Touch and Go
by Thad Nodine
Kevin, the narrator, has been blind since an accident as a young child. Now 27, he's a recovering junkie just laid off from his part-time job as a reporter. He lives in LA with Isa and Patrick, who are 10 years older. They're also ex-junkies who all met in rehab. Kevin has had a crush on Isa since he met her, but she married Patrick instead, a macho, bragging con artist. In an attempt to start a family, Isa recently took in two foster kids: Devon, 16 and Ray, 10. But Isa is a huge flake, and Patrick is a jerk, so Kevin takes it on himself to help take care of the kids. At the start of the novel, they all set out on a road trip to Florida to visit Isa's dying father. But they each have their own agendas on the trip, which take them far off course. And then there's the date, which you may not notice at first, 2005, maybe not the best time to be driving through the Gulf.
A brief description of the plot nearly put me off this book--ex-junkies,
road trip, foster kids, Hurricane Katrina, ugh, sounds so depressing.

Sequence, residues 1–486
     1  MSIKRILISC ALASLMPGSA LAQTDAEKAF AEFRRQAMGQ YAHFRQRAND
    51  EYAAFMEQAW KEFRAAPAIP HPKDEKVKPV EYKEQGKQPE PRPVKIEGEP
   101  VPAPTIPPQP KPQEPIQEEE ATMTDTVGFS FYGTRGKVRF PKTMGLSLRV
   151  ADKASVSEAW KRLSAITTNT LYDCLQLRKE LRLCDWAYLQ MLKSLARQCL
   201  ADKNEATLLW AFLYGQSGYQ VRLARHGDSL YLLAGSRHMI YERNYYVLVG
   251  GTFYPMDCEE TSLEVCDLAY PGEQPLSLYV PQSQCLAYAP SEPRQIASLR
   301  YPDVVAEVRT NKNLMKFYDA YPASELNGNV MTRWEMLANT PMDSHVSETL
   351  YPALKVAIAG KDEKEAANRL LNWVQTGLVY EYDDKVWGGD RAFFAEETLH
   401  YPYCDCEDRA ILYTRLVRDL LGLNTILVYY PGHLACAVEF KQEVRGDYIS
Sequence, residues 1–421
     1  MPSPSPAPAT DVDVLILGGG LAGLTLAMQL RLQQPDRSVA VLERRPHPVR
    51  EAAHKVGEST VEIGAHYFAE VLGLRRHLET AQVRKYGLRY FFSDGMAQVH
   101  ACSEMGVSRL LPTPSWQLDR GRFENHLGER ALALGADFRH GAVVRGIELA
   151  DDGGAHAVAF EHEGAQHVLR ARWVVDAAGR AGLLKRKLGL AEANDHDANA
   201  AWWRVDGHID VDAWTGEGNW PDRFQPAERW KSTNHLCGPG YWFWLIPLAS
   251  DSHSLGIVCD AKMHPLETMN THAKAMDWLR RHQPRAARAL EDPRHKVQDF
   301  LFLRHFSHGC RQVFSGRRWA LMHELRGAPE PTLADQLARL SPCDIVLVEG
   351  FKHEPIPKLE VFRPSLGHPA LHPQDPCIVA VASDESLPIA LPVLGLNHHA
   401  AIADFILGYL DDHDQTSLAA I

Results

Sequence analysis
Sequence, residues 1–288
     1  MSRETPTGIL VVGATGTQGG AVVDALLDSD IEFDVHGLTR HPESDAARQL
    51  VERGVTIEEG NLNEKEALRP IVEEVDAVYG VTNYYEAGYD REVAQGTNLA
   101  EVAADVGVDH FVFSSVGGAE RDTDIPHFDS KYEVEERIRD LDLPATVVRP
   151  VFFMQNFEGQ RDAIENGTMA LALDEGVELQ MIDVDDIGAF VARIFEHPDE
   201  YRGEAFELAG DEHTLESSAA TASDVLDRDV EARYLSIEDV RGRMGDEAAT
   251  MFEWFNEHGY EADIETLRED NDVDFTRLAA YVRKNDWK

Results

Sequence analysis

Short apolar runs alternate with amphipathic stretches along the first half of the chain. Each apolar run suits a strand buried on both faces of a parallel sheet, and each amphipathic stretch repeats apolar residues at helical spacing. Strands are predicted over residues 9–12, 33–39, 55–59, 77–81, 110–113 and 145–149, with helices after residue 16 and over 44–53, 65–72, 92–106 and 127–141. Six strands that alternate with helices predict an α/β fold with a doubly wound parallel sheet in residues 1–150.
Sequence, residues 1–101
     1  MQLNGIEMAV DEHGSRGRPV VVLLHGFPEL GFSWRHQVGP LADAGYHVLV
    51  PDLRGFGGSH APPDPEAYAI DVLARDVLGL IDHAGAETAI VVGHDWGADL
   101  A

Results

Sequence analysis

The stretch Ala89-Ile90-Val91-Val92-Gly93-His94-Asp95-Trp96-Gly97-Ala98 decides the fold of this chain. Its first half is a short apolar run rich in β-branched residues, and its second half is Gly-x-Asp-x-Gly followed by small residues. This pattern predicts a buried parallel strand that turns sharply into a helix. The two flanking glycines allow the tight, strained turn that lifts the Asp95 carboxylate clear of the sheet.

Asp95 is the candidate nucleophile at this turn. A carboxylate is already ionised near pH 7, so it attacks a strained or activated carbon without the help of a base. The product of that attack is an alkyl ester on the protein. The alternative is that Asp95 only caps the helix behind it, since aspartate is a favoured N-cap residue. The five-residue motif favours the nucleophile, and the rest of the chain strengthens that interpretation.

But I'm so glad I read it anyway, because it is amazing, and not
depressing at all. There's no wallowing in misery just for its own sake,
and there's plenty of humor. And the dev factor for me was HUGE. It's not a romance, but Kevin does get some action, don't worry!
The writing is top-notch. All the
characters are original, not stereotypes, and yet seem very true to
life, like people you might have met. The dialog is breezy and natural,
but it's really Kevin who steals the show. His narration is great--lots
of interesting turns of phrase, and insights into himself and the other
characters, even when he doesn't quite realize it at the time. It's kind
of a late coming of age story, as he figures out how to be a
responsible adult, even with, or because of, all the dysfunction around
This is an amazing book. There are so few writers who even
attempt to write from the perspective of a blind person. On the other
hand, there are tons of books with blind characters that are totally
unrealistic, or that just use them as a plot device. Not so here. Kevin
is a fully alive and deeply sympathetic character, and also completely
believable. The author clearly did a lot of research, because he totally
nailed it. It's so refreshing to read about a blind character who is
not bitter or angry all the time, but just kind of gets on with his life
the best he can. And where I'm not constantly brought out of the story by stupid little mistakes.
This book was a PD book club selection for July/August 2012. Discussion is here.